Gladman's name was certainly not very appropriate for much of his early life. Growing up poor, with alcoholic parents was hard but now Gladman is indeed a "glad man" filled with "joy in [his] heart".
Ironically, the change occurred in prison, where Gladman was finally able to reflect on the choices and circumstances of his past and where he heard a life-changing radio broadcast.
Born in Queenstown in the Eastern Cape, South Africa, Gladman was the only one of his 11 siblings who was not his father's biological child. His stepfather was violent and made him feel unwanted.
"He would tell my mother that she must take me to my real father," he recalls.
Gladman felt rejected, dropped out of high school, left Queenstown and moved to Johannesburg.
Finding a job, he built himself a shack in the township of Alexandra. It was not much but at least he was building himself a future with his girlfriend who was pregnant at the time.
It seemed as though things were beginning to look up for him, but before his baby was born, he lost his job.
Gladman started using drugs and abusing alcohol, and developed a craving after money. He knew he was on the wrong path but he and a friend decided to rob his former employer.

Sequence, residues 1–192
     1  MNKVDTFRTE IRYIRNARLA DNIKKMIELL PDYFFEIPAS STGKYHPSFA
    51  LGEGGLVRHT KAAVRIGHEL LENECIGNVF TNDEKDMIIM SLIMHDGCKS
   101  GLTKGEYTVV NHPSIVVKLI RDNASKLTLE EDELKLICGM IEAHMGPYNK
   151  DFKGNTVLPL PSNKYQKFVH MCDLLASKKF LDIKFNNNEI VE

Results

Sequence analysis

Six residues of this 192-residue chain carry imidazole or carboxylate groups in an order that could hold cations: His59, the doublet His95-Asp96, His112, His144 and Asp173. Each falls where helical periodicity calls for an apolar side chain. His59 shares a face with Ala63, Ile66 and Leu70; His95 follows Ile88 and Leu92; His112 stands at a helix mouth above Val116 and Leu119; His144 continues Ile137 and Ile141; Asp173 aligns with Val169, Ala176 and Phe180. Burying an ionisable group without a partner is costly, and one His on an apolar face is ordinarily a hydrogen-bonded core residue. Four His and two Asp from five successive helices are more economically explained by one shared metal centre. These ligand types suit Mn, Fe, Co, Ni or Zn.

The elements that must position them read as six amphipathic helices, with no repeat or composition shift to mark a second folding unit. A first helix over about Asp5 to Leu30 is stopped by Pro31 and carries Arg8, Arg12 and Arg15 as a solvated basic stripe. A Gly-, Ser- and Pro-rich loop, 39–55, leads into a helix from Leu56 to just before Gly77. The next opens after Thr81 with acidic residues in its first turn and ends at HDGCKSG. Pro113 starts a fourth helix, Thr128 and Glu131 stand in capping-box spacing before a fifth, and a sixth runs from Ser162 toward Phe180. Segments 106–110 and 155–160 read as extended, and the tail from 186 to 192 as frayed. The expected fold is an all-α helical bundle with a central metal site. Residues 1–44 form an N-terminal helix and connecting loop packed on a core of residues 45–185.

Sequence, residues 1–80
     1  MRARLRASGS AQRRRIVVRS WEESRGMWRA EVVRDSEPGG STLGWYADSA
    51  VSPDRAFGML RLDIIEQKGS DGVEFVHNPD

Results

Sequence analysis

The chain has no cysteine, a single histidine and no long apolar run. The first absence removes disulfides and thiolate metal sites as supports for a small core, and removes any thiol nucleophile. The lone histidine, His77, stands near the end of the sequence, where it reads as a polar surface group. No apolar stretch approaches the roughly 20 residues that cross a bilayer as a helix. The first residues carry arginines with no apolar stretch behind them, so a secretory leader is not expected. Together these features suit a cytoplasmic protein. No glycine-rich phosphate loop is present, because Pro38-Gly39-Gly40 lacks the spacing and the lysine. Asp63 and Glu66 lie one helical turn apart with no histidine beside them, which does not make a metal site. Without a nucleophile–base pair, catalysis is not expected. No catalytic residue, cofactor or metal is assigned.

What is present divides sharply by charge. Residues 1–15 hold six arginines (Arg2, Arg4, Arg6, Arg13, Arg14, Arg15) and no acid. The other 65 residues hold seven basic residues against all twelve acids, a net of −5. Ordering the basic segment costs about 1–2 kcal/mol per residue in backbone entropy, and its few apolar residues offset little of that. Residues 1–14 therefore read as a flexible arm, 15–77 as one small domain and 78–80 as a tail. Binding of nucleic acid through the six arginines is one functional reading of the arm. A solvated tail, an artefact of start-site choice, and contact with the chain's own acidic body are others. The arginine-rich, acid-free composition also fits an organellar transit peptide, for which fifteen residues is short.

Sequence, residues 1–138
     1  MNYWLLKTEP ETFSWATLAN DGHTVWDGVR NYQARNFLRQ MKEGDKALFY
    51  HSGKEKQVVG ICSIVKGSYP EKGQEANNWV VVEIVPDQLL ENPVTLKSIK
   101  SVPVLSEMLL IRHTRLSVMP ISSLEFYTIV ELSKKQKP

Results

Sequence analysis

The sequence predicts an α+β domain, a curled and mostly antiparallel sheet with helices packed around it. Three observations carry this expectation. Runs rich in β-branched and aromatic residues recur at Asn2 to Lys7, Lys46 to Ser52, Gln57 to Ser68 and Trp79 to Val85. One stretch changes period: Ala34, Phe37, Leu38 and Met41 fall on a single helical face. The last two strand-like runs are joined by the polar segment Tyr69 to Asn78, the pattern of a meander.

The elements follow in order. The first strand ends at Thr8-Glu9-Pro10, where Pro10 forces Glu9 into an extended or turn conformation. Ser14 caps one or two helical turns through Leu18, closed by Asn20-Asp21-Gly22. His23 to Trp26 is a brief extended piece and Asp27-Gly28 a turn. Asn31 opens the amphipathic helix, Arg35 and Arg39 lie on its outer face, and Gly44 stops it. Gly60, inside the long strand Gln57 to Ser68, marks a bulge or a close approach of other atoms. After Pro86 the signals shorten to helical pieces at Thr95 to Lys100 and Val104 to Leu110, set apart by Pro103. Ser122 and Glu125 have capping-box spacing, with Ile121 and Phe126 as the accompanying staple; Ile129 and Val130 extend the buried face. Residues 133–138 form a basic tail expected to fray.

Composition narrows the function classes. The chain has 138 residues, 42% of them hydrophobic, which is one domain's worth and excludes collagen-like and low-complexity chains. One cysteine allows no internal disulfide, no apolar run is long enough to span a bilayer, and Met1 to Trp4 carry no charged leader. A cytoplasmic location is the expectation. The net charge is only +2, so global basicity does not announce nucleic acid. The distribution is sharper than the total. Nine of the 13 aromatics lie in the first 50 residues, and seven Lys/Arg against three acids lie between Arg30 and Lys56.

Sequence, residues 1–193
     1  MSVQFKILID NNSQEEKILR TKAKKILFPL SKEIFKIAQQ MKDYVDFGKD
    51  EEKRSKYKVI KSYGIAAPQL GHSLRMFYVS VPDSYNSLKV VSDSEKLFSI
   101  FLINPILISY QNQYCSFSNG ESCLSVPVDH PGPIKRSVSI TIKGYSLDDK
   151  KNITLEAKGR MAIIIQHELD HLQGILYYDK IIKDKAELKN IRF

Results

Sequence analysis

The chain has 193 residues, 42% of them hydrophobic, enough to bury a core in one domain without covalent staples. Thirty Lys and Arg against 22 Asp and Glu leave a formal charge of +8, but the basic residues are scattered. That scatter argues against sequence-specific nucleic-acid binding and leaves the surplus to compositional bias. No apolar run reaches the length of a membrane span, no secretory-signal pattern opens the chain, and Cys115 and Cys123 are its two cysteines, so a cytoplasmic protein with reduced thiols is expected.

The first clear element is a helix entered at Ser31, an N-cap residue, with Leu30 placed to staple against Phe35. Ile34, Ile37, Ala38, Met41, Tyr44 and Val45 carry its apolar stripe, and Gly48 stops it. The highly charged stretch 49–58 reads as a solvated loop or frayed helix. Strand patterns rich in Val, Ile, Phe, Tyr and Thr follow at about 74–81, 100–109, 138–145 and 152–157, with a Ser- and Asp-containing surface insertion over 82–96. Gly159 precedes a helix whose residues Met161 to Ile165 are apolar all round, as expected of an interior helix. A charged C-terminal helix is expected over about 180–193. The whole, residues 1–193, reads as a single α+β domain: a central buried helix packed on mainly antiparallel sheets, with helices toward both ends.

They also nearly murdered him. "I took his firearm and I shot him in the heart," recalls Gladman, who only realised three months later that the man had survived.
Soon afterwards Gladman was arrested and sentenced to 23 years in prison.
Prison life was horrible but it did give him the opportunity to listen to Trans World Radio (TWR) Africa's mediumwave broadcasts – a Christian radio service.
One day he heard a voice on the radio: "There is a Man who died on the cross. He died for sinners. Their sins can be forgiven. All those who believe in Him will be born again in the name of Jesus Christ."
Through TWR's broadcast Gladman heard that where sin (wrongdoing) abounds, grace (free forgiveness) abounds all the more because Jesus paid for our sins through His death on the cross and offers forgiveness freely to all who believe on Him.
"It is with joy in my heart that I write this letter to you," Gladman wrote from prison to TWR.
"Today I am one of God's children. I am sharing my journey with you so that I can give a testimony about God who gives hope and forgiveness to all sinners. As long as the sinner is willing to change, God is here to help them through."
He concludes, saying: "When the Son sets you free, you shall be free indeed (see John 8:36)."•